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Most people in the world have no experience of lasting joy in their lives.
All of our resources exist to guide you toward everlasting joy in Jesus Christ. For freedom Christ has set us free; stand fast therefore, and do not submit again to a yoke of slavery. Now I, Paul, say to you that if you receive circumcision, Christ will be of no advantage to you.
I testify again to every man who receives circumcision that he is bound to keep the whole law. You are severed from Christ, you who would be justified by the law; you have fallen away from grace. For through the Spirit, by faith, we wait for the hope of righteousness. The text begins with a clear and refreshing statement of Christ's will for our lives. Sometimes we get bogged down in a quandary about God's will.
And often we worry about decisions which are simply not a great issue with God where to go to school, what job to take, where to live, etc. We need to orient our lives on the clear statements of Scripture regarding God's will. And here is one: "For freedom Christ has set us free. Where you go to school, what job you do, where you live, etc.
If they were, the Bible would have commanded those things as clearly as it here commands freedom. But it doesn't. So your enjoyment of freedom is much more important to God than many of the day-to-day decisions that fill us with so much concern.
A good test of your priorities in life would be whether you are just as concerned about the command to enjoy your freedom as you are about other pressing decisions in your life. Do you exercise as much diligence in prayer and study to stand fast in freedom as you do to decide about home, job, school, marriage partner? It is a clear and unqualified command: "Stand fast and do not submit again to a yoke of slavery. Uncompromising, unrelenting, indomitable freedom. For this Christ died. For this he rose.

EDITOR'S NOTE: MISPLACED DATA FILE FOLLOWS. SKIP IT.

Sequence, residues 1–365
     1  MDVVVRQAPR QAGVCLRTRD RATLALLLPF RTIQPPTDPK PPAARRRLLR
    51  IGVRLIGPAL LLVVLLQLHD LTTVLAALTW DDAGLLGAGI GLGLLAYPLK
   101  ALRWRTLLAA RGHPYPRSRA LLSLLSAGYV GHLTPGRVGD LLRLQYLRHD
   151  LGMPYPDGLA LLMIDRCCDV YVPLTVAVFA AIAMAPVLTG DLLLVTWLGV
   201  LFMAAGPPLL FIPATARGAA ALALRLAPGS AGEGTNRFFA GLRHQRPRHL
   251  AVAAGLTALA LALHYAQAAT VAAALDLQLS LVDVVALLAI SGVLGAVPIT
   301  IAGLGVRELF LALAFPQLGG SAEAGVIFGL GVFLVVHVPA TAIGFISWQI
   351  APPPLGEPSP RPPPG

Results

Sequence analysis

For this he sent his Spirit. There is nothing he wills with more intensity under the glory of his own name than this: your freedom. That's my message today. All else is explanation and incentive. I have a playtime with my sons after supper each evening until about p. It is not easy to please a 10, 7, and 3 year old with one game.
Recently we've hit on a new idea: Karsten re The Tower of Geburah to all of us while I build towers out of blocks with Abraham on the floor. When 7 p. I can say, "No, you pick them up, and get it done in two minutes or there will be trouble! Or I can say, "Sure I will. Let's Jesus has set us free how fast we can do it together. Abraham's experience is very different in those two cases. In the first case, he is not free. He goes about his work as though a yoke of slavery were on his back and a big heavy frog were on his bottom lip.
He is not acting in freedom because the task is an oppressive weight that irritates and discourages. But in the second case he is free. He does better work with no irritation.
He has the freedom of joy and feels no oppressive burden on his back. He still knows that Daddy punishes for disobedience, but that is no heavy yoke because he is quite happy to pick up the blocks. What's the difference? Daddy was on the floor helping—even making it enjoyable. The same work to do: but in one case under the yoke of slavery, in the other case in freedom. There is a clue here for how we can live in freedom and obey Galatians The key to freedom is whether we have to do the work ourselves to escape punishment, or whether our Father comes down to be with us and help us.
I think this will be evident from Galatians —5.
How has the freedom in christ set us free?
Verses 2, 3, and 4 each portray a way to stay under a yoke of slavery. So these verses function as warnings against slavery. Then verse 5 gives a positive description of how to stand in freedom. Let's look at each of these verses in turn.
We'll take verses 2 and 3 together: "Now I, Paul, say to you that if you receive circumcision, Christ will be of no advantage to you or: Christ will profit you nothing. I testify again to every man who receives circumcision that he is bound to keep the whole law literally: that he is a debtor to do the whole law.
Paul says circumcision is wrong and displeases God and non-circumcision is right and pleases God. So the point is: do what pleases God—avoid circumcision at all costs. The point of verses 2 and 3 is not that circumcision in itself is wrong, but that any act is wrong that we do to bribe God for blessings. Circumcision happened to be the foremost requirement of the Judaizers who were teaching the Galatians to work their way into God's favor.